(CIPD) in its Quick Facts sheet on work-related stress.

There
is a need for a clear statement, supported by senior management, showing that
the organisation is committed to developing a working environment that promotes
the health and well-being of the organisation and its employees. The statement
needs to be supported by a number of principles, including: a constant review
of company policies, procedures and initiatives to ensure the organisation
maximises employee well-being; the identification and regular review of the key
well-being indicators; the provision of effective advice, support, counselling
and training to enhance employee well-being; and the process for evaluating the
effectiveness of all well-being initiatives.

A
good starting point for any organisation considering adopting a policy on
stress at work is the HSE’s model policy, published in February, which outlines
the role of each area, from line managers to safety representatives. And this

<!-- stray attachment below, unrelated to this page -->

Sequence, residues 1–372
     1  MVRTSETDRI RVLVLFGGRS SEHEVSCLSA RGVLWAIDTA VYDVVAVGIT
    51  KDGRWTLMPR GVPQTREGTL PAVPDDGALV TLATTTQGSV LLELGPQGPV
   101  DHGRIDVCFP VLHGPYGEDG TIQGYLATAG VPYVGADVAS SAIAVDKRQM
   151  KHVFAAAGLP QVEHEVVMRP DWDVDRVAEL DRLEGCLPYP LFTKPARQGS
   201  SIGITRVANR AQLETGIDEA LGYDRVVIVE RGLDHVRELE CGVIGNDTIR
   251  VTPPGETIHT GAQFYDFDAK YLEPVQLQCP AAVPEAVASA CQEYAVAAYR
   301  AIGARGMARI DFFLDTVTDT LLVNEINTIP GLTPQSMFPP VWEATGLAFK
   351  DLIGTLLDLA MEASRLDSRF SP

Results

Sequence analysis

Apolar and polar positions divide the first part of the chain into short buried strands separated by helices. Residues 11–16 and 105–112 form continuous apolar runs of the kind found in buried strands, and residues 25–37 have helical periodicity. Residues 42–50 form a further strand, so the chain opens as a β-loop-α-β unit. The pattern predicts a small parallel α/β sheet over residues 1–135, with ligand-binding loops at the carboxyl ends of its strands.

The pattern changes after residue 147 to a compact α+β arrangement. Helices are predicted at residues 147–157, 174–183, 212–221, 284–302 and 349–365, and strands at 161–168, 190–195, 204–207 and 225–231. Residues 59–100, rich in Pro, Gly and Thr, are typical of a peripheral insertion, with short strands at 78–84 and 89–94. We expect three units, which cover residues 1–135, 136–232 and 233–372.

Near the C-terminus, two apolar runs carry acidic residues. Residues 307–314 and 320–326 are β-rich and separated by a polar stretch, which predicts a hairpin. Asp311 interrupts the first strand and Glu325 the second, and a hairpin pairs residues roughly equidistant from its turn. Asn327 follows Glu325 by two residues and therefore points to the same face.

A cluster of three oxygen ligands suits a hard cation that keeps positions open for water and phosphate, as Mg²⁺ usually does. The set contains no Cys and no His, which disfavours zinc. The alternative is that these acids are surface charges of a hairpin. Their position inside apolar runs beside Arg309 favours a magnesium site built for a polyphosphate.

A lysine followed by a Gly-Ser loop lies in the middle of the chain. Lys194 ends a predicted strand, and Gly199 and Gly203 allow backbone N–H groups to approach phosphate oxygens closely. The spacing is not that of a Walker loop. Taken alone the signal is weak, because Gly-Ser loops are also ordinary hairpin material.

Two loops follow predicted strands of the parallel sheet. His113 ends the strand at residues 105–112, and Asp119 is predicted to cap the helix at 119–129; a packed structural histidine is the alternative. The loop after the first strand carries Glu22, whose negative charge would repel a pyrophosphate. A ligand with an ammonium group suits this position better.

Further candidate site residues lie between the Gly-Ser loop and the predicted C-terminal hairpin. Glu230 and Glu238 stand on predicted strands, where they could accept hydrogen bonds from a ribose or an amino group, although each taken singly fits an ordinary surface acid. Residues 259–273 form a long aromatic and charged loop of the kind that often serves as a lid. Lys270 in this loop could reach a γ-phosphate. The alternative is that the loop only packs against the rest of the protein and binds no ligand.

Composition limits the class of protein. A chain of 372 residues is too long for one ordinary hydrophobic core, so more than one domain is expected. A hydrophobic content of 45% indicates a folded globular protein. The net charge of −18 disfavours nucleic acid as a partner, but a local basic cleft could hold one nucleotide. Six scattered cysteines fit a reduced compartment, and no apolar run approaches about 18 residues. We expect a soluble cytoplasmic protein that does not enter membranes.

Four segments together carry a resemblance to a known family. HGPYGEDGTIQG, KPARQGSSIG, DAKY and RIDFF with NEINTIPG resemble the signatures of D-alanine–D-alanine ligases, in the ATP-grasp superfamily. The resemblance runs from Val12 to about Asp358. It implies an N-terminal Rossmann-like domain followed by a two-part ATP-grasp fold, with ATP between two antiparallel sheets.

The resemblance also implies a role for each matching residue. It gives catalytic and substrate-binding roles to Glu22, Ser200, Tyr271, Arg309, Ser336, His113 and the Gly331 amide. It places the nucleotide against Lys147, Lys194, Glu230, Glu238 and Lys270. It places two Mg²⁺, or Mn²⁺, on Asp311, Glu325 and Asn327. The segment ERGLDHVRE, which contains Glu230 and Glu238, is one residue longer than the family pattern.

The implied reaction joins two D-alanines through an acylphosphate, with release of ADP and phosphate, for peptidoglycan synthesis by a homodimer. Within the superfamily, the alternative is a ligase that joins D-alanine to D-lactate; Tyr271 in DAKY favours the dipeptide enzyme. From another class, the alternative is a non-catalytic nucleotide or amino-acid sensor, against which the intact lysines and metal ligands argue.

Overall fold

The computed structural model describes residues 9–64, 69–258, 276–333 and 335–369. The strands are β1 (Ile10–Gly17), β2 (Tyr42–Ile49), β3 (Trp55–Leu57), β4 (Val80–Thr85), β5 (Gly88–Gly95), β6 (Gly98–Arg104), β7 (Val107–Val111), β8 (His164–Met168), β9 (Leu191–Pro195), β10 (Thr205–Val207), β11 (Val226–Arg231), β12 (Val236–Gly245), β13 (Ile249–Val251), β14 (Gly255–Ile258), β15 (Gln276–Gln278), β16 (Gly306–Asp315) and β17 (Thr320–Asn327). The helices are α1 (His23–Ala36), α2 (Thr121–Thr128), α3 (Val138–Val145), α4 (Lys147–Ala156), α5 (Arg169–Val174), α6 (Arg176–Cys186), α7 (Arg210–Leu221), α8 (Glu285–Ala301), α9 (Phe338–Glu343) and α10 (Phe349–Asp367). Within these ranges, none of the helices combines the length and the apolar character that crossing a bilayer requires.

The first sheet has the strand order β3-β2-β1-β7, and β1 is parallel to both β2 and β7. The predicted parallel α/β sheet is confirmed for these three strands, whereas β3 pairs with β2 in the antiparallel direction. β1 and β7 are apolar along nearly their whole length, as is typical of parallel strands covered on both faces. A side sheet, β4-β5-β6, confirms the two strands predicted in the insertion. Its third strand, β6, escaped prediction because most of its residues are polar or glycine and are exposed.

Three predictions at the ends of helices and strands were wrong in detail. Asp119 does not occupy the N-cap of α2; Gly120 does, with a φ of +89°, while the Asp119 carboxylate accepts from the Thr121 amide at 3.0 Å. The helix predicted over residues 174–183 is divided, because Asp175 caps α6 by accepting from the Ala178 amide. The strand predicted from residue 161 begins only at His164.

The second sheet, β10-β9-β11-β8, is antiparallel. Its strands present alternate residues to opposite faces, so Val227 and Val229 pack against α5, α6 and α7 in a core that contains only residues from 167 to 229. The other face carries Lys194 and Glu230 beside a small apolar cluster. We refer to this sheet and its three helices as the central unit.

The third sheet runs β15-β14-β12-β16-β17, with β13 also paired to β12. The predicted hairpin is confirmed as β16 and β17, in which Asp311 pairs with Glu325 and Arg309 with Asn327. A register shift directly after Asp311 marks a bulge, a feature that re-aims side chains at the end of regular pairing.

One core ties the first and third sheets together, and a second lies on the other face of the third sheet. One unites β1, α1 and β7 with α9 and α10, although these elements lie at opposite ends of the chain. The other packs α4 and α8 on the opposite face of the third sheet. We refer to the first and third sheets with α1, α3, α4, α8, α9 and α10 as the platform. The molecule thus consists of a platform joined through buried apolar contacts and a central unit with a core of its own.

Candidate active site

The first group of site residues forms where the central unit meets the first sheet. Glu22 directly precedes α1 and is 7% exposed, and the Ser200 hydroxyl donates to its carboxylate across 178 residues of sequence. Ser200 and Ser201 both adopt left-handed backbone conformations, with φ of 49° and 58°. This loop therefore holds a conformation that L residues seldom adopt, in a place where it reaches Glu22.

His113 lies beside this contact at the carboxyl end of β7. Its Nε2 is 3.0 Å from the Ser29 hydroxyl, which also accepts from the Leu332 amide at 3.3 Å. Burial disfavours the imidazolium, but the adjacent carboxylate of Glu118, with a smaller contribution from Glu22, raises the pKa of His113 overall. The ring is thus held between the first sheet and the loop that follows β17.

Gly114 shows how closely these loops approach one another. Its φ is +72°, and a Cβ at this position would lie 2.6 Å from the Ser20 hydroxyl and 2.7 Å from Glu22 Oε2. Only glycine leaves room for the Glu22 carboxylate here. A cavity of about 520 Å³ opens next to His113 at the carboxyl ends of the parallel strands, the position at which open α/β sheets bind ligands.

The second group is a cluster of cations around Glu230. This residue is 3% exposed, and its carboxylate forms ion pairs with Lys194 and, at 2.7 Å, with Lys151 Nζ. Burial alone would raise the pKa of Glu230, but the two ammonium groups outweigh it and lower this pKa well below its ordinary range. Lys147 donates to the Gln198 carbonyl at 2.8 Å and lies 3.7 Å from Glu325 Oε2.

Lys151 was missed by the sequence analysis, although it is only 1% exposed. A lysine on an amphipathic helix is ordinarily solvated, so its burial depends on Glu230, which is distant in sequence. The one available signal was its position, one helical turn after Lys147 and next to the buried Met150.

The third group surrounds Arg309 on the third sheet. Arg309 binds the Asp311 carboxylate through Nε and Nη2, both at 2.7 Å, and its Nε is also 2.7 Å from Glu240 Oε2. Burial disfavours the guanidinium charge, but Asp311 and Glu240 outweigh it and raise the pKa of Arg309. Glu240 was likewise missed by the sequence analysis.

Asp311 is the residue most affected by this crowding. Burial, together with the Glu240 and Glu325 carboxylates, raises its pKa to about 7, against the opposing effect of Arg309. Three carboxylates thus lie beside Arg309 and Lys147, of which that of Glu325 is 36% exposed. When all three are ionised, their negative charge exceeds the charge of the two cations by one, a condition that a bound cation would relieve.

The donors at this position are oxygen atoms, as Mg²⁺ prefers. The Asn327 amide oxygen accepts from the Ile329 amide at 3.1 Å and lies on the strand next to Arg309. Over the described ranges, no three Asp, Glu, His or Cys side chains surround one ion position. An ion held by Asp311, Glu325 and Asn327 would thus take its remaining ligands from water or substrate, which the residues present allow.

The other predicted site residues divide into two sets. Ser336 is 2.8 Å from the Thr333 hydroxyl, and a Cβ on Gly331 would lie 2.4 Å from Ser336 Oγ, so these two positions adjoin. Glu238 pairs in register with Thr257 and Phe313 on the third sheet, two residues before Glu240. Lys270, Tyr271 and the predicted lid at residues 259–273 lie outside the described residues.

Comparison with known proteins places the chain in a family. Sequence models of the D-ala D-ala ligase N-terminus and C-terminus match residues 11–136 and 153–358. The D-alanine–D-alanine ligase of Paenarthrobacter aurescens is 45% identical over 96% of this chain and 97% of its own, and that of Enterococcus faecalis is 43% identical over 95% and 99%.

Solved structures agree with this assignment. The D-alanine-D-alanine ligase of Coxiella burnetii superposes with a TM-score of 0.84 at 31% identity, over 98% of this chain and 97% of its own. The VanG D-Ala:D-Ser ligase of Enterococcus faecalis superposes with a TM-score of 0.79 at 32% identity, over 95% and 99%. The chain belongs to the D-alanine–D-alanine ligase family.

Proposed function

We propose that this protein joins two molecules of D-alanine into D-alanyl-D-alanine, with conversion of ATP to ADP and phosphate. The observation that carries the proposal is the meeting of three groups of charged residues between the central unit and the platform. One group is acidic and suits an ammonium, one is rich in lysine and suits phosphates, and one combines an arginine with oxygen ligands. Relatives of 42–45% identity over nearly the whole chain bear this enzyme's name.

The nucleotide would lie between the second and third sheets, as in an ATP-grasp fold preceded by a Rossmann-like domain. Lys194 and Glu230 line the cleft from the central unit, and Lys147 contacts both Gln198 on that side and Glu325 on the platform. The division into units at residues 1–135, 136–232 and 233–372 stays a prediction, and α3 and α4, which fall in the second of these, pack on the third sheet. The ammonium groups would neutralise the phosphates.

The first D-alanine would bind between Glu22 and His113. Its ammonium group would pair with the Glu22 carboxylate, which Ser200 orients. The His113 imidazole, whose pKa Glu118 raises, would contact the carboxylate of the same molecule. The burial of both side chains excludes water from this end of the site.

is the key; successful stress reduction involves a commitment from employees,
middle management and those at the top.

With
any intention to reduce workplace stress, much of the responsibility lies with
the line manager in day-to-day contact with individuals. Commonly-cited
contributors to workplace stress include poor communications, inadequate
training, ineffective recruitment, and employees feeling they have little or no
control and influence in decisions and little support from their immediate
management.

To
be successful, any policy on stress needs to first ensure managers have good
communication with employees. Managers must also assess their staff on an
ongoing basis ensuring they have adequate training for the job, are not
overloaded and have ‘meaningful development opportunities’. They should also
monitor staff working hours and whether they are taking their holiday leave, as
well as knowing them on a personal level, and being aware of any home-related
problems.

But
an ideal stress policy doesn’t start and end with managers. Support, training
and guidance should be offered to managers by occupational health (OH), and HR